Data from: Patterns of genetic diversity reveal multiple introductions and recurrent founder effects during range expansion in invasive populations of Geranium carolinianum (Geraniaceae)

Rebecca Y. Shirk, James L. Hamrick, Chaobin Zhang & Sheng Qiang
Genetic diversity, and thus the adaptive potential of invasive populations, is largely based on three factors: patterns of genetic diversity in the species' native range, the number and location of introductions, and the number of founding individuals per introduction. Specifically, reductions in genetic diversity ("founder effects") should be stronger for species with low within-population diversity in their native range and few introductions of few individuals to the invasive range. We test these predictions with Geranium...

Data from: No evidence for behavioural adaptations to nematode parasitism by the fly Drosophila putrida

Catherine L. Debban & Kelly A. Dyer
Behavioural adaptations of hosts to their parasites form an important component of the evolutionary dynamics of host–parasite interactions. As mushroom-feeding Drosophila can tolerate deadly mycotoxins, but their Howardula nematode parasites cannot, we asked how consuming the potent mycotoxin α-amanitin has affected this host–parasite interaction. We used the fly D. putrida and its parasite H. aoronymphium, which is both highly virulent and at high prevalence in some populations, and investigated whether adult flies utilize food with...

Data from: Duplication and population dynamics shape historic patterns of selection and genetic variation at the major histocompatibility complex in rodents

Jamie C. Winternitz & John P. Wares
Genetic variation at the MHC is vitally important for wildlife populations to respond to pathogen threats. Because natural populations can fluctuate greatly in size, a key issue concerns how population cycles and bottlenecks that could reduce genetic diversity will influence MHC genes. Using 454 sequencing, we characterized genetic diversity at the DRB Class II locus in montane voles (Microtus montanus), a North American rodent that regularly undergoes high amplitude fluctuations in population size. We tested...

Data from: Targeting global conservation funding to limit immediate biodiversity declines

Anthony Waldron, Arne O. Mooers, Daniel C. Miller, Nate Nibbelink, David Redding, Tyler S. Kuhn, J. Timmons Roberts & John L. Gittleman
Inadequate funding levels are a major impediment to effective global biodiversity conservation and are likely associated with recent failures to meet United Nations biodiversity targets. Some countries are more severely underfunded than others and therefore represent urgent financial priorities. However, attempts to identify these highly underfunded countries have been hampered for decades by poor and incomplete data on actual spending, coupled with uncertainty and lack of consensus over the relative size of spending gaps. Here,...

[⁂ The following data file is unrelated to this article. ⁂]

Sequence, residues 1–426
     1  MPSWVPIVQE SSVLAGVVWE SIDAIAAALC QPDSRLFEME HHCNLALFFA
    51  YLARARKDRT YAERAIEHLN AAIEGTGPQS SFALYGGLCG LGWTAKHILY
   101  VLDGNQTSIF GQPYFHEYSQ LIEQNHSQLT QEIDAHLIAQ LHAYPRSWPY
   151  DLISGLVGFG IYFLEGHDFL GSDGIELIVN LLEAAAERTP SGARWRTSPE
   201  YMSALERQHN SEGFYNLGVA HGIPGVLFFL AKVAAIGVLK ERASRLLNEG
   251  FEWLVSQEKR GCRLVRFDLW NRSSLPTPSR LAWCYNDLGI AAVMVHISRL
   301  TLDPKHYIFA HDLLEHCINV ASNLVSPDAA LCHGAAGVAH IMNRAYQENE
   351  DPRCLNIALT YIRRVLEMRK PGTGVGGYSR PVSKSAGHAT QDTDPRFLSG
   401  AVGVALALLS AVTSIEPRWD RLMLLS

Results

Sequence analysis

Data from: Differential effects of landscape-level environmental features on genetic structure in three co-distributed tree species in Central America

Monica F. Poelchau & Jim L. Hamrick
Landscape genetic studies use spatially explicit population genetic information to determine the physical and environmental causes of population genetic structure on regional scales. Comparative studies that identify common barriers to gene flow across multiple species within a community are important to both understand the evolutionary trajectories of populations and to prioritize habitat conservation. Here, we use a comparative landscape genetic approach to ask whether gradients in temperature or precipitation seasonality structure genetic variation across three...

Data from: Sea level change and the area of shallow-marine habitat: implications for marine biodiversity

Steven M. Holland
Analysis of a global elevation database to measure changes in shallow-marine habitat area as a function of sea-level reveals an unexpectedly complicated relationship. In contrast to prevailing views, sea-level rise does not consistently generate an increase in shelf area, nor does sea-level fall consistently reduce shelf area. Different depth-defined habitats on the same margin will experience different changes in area for the same sea-level change, and different margins will likewise experience different changes in area...

Data from: Disruption of gene expression in hybrids of the fire ants Solenopsis invicta and Solenopsis richteri

Lino Ometto, Kenneth G. Ross, D. DeWayne Shoemaker & Laurent Keller